Migration and the Well-Being of the Elderly in Rural China
Yue Zhuo, University at Albany, State University of New York
Zai Liang, University at Albany, State University of New York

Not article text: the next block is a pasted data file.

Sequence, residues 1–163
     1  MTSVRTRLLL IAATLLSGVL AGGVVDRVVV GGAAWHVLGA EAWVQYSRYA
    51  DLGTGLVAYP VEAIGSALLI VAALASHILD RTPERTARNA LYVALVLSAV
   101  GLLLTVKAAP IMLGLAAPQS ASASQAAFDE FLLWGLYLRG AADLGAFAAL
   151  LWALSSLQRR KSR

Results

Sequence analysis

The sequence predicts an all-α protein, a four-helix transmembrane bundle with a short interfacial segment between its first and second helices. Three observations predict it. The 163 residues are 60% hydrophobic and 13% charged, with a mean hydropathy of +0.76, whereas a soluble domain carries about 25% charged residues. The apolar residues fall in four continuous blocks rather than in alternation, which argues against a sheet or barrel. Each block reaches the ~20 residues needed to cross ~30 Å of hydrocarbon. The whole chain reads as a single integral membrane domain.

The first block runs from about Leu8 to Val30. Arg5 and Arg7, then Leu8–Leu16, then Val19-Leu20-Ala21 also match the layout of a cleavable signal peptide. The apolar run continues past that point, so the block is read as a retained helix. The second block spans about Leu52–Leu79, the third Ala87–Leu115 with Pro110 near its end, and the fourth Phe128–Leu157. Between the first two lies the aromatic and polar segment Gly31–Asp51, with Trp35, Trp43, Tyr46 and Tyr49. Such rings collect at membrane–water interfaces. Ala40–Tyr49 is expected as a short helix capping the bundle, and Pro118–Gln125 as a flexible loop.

In this paper, we examine the extent to which migration of younger generation affects the well-being of elderly in rural China. Our general strategy is to compare the well-being of the elderly who have migrant children and of those who do not. Specifically, we consider following four aspects: money transfer from children to the elderly, housing conditions, life satisfaction, and living arrangements. Data are from 10% sample of the 2000 China Aged Population Survey. We find a high proportion of the rural elderly have migrant children. Results suggest that the rural elderly with migrant children obtain more economic support from children and also have better housing conditions than those without migrant children. With respect to life satisfaction and living arrangements, no significant pattern is found. The implications for family planning policy, rural-to-urban migration, and especially elderly support in the future are discussed.